A diode is a non-linear component of an electrical circuit. That allows current in forward biasing and blocks current in reverse biasing. The behavior of a diode can be identified using VI characteristics. The diode current depends upon the voltage across the diode. The diode current can be expressed in the form of a *diode current equation*. We will learn in this article what is the equation for diode current.

## Derivation of Diode Equation

The diode current equation relates the current with the voltage across the diode. Suppose the voltage $V$ across and current $I$ flows through the diode. The current $I$ can be expressed as

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$I=I_{o}\lbrack e^{\frac{V}{\eta V_{T}}}-1\rbrack \ldots (1)$

Where

$I$ – Diode Current

$I_{o}$- Diode reverse saturation current at room temperature

$V $- External Voltage applied to the diode

$\eta $ – A constant, two for Silicon and one for Germanium

$V_{T}$ = $\frac{kT}{q}=\frac{T}{11600}$ Volts-equivalent of temperature, thermal voltage

By putting the value of $V_{T}$, we may get the following equation

$I=I_{o}\lbrack e^{\frac{qV}{\eta kT}}-1\rbrack $

Where

$k$ – Boltzmann’s constant, $1.38066\times 10^{-23} J/K $

$q $- charge of an electron, $1.60219\times 10^{-19}C$

$T $- temperature of the diode junction $K=C+273\deg$

At the room temperature K=300, the thermal voltage $V_{T}=26mV$. Put these values in the current equation (1), we get

$I=I_{o}\lbrack e^{40\frac{V}{\eta }}-1\rbrack $

As the constant $\eta $, is one for germanium and two for silicon, the above equations will become

For Germanium

$I=I_{o}\lbrack e^{40V}-1\rbrack $

For Silicon

$I=I_{o}\lbrack e^{20V}-1\rbrack $

For reverse bias current, the sign of the voltage applied $V$ is changed and the equation for reverse bias will be

$I=I_{o}\lbrack e^{\frac{-V}{\eta V_{T}}}-1\rbrack $

As $V\gg V_{T}$, so the term $e^{-\frac{V}{\eta V_{T}}}\ll 1$. So, $I\approx I_{o}$, is valid up till the external voltage is below the breakdown voltage. The diode reverse saturation current is also called the dark saturation current. It depends upon the rate of recombination and the quality of the material. It is also notable that the dark current increases as the temperature increases. And it decreases as the material quality increases.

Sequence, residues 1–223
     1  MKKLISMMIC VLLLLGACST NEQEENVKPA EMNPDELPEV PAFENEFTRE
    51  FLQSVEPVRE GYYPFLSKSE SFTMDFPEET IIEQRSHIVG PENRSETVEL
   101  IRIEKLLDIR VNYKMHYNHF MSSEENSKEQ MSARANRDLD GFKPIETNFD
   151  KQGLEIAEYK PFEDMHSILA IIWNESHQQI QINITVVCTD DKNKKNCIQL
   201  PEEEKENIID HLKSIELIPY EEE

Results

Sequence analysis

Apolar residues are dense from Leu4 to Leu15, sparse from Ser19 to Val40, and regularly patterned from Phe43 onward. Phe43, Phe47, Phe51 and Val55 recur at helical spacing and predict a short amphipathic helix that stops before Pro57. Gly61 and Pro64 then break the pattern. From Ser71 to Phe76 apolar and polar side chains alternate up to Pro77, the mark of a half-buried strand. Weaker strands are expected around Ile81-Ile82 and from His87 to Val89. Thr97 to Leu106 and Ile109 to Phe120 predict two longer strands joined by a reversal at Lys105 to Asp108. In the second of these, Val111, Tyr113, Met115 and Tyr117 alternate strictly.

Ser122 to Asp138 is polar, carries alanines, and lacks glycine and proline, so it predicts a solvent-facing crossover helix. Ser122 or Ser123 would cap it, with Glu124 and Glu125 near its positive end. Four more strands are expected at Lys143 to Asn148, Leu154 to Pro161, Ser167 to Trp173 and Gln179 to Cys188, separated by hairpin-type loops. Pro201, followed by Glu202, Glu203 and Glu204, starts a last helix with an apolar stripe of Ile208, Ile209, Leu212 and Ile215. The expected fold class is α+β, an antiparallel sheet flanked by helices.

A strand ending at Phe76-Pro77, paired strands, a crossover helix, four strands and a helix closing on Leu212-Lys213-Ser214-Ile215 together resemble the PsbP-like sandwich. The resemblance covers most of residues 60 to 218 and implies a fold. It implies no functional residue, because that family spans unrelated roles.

## Diode Current Equation Example:

A reverse bias is applied to the germanium PN junction diode. And noted the reverse saturation current of $0.3\mu A$ at room temperature. What will be the current at room temperature when the forward bias is $0.15v$?

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### Example Solution:

How to calculate diode current with the given data in the example

$I_{0}=0.3\times 10^{-6}A$

$V=0.15v$

So, the diode current will be

$I=I_{o}\lbrack e^{40V}-1\rbrack $

$I=0.3\times 10^{-6}(e^{40\times 0.15}-1)$

$I=120.73\mu A$

The above will be the forward bias current of the diode for the given situation.

### Can I use Shockley’s ideal diode equation for the reverse current?

For the reverse current, the diode exhibits a constant reverse current that is very small and negligible. The reverse current of the diode is not represented by Shockley’s ideal diode equation.

**Diode Equation Calculator:**

*The diode Equation Calculator *calculates the current in the diode. Put external voltage, saturation current temperature, and material type to calculate diode current.

### Short Answer Questions:

### 1. Can you use the Schottky diode equation for negative currents?

Yes, you can use the Schottky diode equation for negative currents, just put in the voltage value either positive or negative, and you will get your current.